Tanning lamps

More can be done to restrict sunbeds to prevent increasing rates of skin cancer

21 June 2017, GENEVA - Sunbed use is estimated to be responsible for more than 450 000 non-melanoma skin cancer cases and more than 10 000 melanoma cases each year in the United States of America, Europe and Australia combined. Policies to limit the use of artificial tanning devices (sunbeds) are needed to reduce the associated health risks, such as melanoma and non-melanoma skin cancers, says a new WHO report. The largest portion of users are women, and in particular adolescents and young adults.

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Palais des Nations

Public Health, Environmental and Social Determinants of Health (PHE) during the 70th World Health Assembly

22 May 2017 -- The 70th World Health Assembly will be held from 22-31th May 2017 in Geneva. Public Health, Environmental and Social Determinants of health topics to be discussed and events to be held at this year`s World Health Assembly.

WHO /Pierre Albouy

Radical increase in water and sanitation investment required to meet development targets

13 April 2017 | GENEVA — Countries are not increasing spending fast enough to meet the water and sanitation targets under the Sustainable Development Goals (SDGs), says a new report published by the WHO on behalf of UN-Water.
The report stresses that countries will not meet global aspirations of universal access to safe drinking-water and sanitation unless steps are taken to use financial resources more efficiently and increase efforts to identify new sources of funding.

Illustation world water day 2017

World Water Day 2017: Why waste water

Safe treatment and use of wastewater is fundamental to protecting public health.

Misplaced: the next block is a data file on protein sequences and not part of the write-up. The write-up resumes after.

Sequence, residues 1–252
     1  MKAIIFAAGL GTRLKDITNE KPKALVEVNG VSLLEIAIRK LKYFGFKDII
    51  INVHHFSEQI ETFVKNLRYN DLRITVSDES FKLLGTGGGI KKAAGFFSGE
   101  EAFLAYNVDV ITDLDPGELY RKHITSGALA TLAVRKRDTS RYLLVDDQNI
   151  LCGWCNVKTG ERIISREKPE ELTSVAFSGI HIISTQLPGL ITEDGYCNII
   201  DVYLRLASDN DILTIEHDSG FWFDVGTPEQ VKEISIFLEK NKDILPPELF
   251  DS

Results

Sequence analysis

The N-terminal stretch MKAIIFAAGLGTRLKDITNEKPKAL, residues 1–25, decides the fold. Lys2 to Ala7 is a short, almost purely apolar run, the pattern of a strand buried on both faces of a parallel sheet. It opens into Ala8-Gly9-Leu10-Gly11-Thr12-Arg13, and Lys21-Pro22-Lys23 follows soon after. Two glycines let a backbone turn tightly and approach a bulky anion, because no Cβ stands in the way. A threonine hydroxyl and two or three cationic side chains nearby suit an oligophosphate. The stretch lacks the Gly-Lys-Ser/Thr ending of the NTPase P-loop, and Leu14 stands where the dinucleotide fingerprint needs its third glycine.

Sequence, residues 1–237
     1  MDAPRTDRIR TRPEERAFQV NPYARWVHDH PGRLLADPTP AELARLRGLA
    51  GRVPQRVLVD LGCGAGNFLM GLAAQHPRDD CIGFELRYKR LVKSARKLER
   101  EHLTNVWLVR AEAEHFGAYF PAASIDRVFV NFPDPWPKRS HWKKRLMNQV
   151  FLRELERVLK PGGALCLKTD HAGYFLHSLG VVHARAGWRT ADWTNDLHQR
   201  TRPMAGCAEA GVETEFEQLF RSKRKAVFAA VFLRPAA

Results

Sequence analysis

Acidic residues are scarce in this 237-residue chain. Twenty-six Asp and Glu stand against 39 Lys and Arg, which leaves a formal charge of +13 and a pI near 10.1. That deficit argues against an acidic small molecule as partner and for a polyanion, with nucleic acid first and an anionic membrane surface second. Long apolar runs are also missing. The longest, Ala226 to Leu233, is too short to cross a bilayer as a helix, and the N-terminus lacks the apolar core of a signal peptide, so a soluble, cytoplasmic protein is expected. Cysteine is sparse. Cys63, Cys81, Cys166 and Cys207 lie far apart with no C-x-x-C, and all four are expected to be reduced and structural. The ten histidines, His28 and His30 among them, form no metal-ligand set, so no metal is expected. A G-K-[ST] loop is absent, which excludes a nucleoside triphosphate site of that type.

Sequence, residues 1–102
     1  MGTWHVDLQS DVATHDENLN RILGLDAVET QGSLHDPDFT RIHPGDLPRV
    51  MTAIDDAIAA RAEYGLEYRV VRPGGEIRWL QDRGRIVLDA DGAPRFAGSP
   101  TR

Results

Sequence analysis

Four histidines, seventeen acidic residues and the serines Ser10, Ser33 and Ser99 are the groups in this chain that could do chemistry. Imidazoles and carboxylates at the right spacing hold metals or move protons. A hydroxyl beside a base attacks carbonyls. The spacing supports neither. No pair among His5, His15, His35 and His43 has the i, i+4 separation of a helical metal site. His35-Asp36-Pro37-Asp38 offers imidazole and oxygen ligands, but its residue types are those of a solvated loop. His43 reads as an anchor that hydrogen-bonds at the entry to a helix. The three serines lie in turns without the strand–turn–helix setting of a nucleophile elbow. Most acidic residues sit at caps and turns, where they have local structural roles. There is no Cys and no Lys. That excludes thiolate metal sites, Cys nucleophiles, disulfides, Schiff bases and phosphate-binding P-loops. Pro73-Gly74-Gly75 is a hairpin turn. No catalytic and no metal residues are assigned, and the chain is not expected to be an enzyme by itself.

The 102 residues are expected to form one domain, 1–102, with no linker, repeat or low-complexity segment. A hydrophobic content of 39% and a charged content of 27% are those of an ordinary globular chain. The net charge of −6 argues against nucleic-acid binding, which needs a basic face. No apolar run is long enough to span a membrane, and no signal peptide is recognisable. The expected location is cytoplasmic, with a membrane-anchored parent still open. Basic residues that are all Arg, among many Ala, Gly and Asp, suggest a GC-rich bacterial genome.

Join the global campaign for World Water Day on 22nd March by downloading a sharing campaign materials and organising an event to highlight SDG 6.3 “…halve the proportion of untreated wastewater and substantially increase recycling and safe re­use by 2030.”
Learn more from WHO factsheets videos and tools on wastewater and health.

A young boy in a bucket, slums, Bangkok

The cost of a polluted environment: 1.7 million child deaths a year

6 March 2017 |Geneva – More than 1 in 4 deaths of children under 5 years are attributable to unhealthy environments. Every year, environmental risks – such as indoor and outdoor air pollution, second-hand smoke, unsafe water, lack of sanitation and inadequate hygiene – take the lives of 1.7 million children under 5 years, say two new World Health Organization (WHO) reports.

WHO/Diego Rodriguez

PHE health topics

Group photo of adolescent boys fishing by the sea

An estimated 12.6 million deaths each year are attributable to unhealthy environments - nearly one in four of total global deaths. Environmental risk factors, such as air, water and soil pollution, chemical exposures, climate change and ultraviolet radiation, contribute to more than 100 diseases and injuries.

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Commentary highlight

Environments should improve not harm our health

Dr Maria Neira, WHO Director, Department of Public Health, Environmental and Social Determinants of Health

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Publication highlight

Preventing disease through healthy environments

A global assessment of the burden of disease from environmental risks

Global Strategy Overview

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About us

By focusing on reducing environmental and social risk factors, nearly a quarter of the global burden of disease can be prevented. Examples include promoting safe household water storage, better hygiene measures, safer management of toxic substances in the home and workplace.

Environmental health in WHO regions


Factsheets

Statistical information

Quantifying environmental health impacts

The environmental burden of disease quantifies the amount of disease caused by environmental risks.

Public health and environment in the Global Health Observatory (GHO) data

Mortality and burden of disease from unhealthy environment

Video

Statement by Dr Maria Neira on International Lead Poisoning Prevention Week of Action 2016

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